Minister Arden McLean, the district representative who was present at the meeting, said that the people did not need to fear a police inspection of firearms. He said he was a licensed gun holder as he owned an antique rifle that had belonged to his father. He said the inspection was nothing to worry about if owners were storing their firearms properly and he offered his support to the commissioner in his desire to review firearms ownership.

The minister’s concerns were about the stability of the RCIPS. As he welcomed the new commissioner to the distric,t he noted that the island had seen al least six commissioners in the past few years. He also noted that government had recently purchased land to create a community park in one of the areas in East End that had residents concerned about drug use, and that once the area was cleared hopefully the misuse of drugs there would be resolved.

He also told the audience and the officers that government had just signed an agreement to build a new licensing and traffic department in George Town by the Lions Centre, which might address some of their other administrative problems. He also noted that the arrival of the four new boats for the marine fleet had been paid for by the public purse and the RCIPS should ensure they use them wisely.

Smith offered his thanks to the wider community for the new fleet and said it was already demonstrating its worth and that all of the boats would continue to be well utilized.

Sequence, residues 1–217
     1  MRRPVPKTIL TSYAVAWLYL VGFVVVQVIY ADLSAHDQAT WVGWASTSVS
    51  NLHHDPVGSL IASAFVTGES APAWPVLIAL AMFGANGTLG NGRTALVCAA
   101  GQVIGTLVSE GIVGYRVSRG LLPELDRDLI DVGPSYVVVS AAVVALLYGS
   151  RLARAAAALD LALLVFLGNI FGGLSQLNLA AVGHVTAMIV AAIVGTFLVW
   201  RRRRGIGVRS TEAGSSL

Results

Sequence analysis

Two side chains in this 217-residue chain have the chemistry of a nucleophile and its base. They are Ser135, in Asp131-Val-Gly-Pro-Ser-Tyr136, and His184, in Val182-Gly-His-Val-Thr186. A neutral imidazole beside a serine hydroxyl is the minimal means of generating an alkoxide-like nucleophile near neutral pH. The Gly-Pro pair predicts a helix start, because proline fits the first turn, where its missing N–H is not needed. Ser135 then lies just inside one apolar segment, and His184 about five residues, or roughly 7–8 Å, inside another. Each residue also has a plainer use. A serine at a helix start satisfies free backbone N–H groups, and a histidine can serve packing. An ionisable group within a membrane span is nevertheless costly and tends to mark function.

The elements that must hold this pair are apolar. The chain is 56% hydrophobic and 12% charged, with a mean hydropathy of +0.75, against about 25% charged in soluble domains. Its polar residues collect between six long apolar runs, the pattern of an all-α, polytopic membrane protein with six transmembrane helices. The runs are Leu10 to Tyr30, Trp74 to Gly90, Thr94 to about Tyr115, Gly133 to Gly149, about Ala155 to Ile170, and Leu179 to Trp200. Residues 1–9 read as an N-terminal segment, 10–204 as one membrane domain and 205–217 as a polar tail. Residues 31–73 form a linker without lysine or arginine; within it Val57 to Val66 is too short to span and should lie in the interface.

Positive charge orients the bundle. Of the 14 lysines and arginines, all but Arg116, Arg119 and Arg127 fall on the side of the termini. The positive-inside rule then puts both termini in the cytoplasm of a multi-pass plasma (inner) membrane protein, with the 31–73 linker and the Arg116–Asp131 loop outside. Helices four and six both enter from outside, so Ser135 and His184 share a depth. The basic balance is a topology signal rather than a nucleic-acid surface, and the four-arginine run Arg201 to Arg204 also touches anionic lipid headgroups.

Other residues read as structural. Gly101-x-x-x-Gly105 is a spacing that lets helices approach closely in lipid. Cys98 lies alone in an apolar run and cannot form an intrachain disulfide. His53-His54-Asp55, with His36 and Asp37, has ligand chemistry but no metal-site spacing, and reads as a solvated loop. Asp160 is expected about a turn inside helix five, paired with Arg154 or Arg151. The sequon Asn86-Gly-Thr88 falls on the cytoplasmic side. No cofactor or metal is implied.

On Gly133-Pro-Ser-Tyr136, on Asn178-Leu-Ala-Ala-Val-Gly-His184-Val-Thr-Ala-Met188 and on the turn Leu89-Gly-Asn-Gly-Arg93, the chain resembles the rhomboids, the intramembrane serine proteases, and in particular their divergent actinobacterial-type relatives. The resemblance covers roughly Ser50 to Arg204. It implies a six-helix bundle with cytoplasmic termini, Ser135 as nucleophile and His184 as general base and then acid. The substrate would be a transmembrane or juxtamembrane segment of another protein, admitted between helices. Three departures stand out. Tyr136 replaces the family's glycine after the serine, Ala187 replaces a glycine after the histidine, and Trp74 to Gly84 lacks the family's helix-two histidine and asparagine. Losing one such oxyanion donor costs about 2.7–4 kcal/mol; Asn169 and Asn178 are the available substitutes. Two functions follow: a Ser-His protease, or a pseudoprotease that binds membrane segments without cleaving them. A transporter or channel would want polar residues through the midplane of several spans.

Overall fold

The consistent complaint of “too many foreign officers” and not enough Caymanians in the force was also raised by a number of residents. When asked directly what percentage of officers in the RCIPS were from Cayman, Deputy Commissioner Anthony Ennis, who was also present, said it was now fewer than fifty percent.

Smith said there was little he could say to one resident who insisted all the problems in the community boiled down to too many foreign officers, but he did note that where police officers were born was not the most important factor; it was their commitment and passion for the community they worked in that mattered, he said. He also confirmed that the RCIPS is short of around thirty officers at present.

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  1. Anonymous says:

    ‘their moral is being deminished again by taking away there overtime crime will get worst’

    There never was any paid overtime, officers got ‘time back,’ which from what i have heard in real terms they never actually got back (never eneaugh staff to give you the day off and therefore your time back, and so on). So officers accumilated massive amounts of time in the book, which they could never use, and only saw whent hey finished with the RCIP, and they would get it paid out (yet another incentive to leave!)

  2. Anonymous says:


    Dennie is Correct!